ATLANTA — There are the book people, the jewelry people, the movie people, the electronics people. They greet each other with knowing nods as they inspect the goods inside a cavernous warehouse on the west side of Atlanta that is the end of the line for undeliverable mail.
Once a month the United States Postal Service auctions off the valuable stuff it cannot deliver at Atlanta’s Mail Recovery Center. But at a time of rapid change for the Postal Service, last month’s live auction was one of the last. The Postal Service is contracting out the auctions and moving them all online as soon as April.
GovDeals, the contractor, says expanding the pool of bidders beyond those who could show up in Atlanta will bring in more money for the cash-strapped Postal Service. The semi-private institution loses $25 million per day, according to Congressional testimony by Postmaster General Patrick Donahoe.
It recently announced plans to stop delivering first-class mail on Saturdays to save money.
Just as the age of email has transformed letter delivery, so has the age of eBay changed the ways of what was founded in 1917 as the “Dead Parcel Post” office. The Atlanta Mail Recovery Center is now the only such facility in the nation, with a mission to seek out, recover and return mail that cannot be delivered.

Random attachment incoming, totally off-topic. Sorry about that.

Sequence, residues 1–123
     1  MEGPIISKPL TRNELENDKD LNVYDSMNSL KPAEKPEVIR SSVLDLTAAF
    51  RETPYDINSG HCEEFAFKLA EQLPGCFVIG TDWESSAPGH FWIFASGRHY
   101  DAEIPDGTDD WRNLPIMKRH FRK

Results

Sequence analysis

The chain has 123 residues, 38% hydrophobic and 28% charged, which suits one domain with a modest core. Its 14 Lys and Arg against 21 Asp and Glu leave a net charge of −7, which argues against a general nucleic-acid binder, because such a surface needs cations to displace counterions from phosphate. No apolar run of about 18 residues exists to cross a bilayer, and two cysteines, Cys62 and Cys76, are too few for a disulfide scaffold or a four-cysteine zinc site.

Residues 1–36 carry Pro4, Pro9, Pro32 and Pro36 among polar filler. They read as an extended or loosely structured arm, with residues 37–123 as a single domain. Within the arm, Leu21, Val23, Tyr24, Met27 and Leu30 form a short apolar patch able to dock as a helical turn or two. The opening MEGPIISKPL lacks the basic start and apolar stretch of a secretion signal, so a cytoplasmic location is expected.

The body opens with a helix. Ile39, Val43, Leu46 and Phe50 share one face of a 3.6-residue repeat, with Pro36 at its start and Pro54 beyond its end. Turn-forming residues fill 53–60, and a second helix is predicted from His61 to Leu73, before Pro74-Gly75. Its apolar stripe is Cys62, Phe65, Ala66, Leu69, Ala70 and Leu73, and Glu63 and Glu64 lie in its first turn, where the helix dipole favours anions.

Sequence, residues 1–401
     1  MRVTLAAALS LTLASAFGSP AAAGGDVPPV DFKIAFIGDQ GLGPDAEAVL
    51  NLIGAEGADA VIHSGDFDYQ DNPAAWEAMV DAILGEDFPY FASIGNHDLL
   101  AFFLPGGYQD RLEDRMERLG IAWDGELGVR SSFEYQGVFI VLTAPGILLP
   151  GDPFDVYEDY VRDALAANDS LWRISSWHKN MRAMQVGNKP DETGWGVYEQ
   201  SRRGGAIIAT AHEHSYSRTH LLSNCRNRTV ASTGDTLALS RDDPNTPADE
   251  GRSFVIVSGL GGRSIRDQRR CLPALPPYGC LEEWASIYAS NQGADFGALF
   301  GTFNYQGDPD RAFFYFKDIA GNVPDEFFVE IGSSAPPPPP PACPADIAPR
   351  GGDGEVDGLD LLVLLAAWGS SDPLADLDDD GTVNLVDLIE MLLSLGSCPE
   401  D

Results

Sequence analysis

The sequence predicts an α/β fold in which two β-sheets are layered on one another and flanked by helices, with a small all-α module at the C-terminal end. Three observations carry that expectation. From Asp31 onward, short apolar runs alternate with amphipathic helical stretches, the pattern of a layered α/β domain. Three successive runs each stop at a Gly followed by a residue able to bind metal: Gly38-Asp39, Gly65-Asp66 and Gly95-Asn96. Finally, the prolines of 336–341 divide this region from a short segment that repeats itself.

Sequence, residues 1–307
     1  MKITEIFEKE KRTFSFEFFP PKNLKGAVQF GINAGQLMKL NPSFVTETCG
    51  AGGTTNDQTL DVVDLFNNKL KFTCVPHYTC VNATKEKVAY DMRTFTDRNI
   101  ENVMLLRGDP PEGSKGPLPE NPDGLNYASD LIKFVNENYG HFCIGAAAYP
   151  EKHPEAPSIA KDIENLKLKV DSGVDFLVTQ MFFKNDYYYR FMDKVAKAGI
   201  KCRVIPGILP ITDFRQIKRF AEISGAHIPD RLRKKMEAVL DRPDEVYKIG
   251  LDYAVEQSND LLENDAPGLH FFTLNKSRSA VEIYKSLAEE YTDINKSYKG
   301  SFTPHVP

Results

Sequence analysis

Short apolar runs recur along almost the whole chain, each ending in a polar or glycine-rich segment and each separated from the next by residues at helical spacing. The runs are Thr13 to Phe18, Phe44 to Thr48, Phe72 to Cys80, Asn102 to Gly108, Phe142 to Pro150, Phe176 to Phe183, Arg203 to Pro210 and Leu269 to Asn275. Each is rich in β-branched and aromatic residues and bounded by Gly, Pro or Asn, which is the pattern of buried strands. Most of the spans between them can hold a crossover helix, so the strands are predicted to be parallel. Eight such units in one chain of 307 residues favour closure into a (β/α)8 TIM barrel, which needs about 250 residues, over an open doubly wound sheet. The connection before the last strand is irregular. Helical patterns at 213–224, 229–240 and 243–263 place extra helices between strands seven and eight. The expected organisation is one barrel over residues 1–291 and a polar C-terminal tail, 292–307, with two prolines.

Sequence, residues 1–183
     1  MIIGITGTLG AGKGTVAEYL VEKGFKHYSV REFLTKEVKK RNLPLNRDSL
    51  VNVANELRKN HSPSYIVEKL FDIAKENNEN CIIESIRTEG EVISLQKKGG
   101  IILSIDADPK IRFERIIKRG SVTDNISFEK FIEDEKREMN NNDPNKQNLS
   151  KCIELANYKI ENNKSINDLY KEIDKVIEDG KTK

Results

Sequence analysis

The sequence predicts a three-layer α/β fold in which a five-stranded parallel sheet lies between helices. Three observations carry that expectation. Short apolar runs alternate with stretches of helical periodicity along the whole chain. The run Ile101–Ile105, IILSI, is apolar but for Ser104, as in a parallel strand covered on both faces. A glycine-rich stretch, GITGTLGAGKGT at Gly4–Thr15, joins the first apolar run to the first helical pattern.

It is the only place where USPS personnel are allowed to open your mail, as employees sift through it for clues to the rightful owner’s identity. In 2011 — the most recent year for which figures were available —the MRC handled 53.4 million pieces of mail, 10.6 million of which had possible value.
It was able to deliver 43 percent of the mail, while the rest was recycled, given to charity or sorted for auction — after a 90-day waiting period in which the owner could state a claim.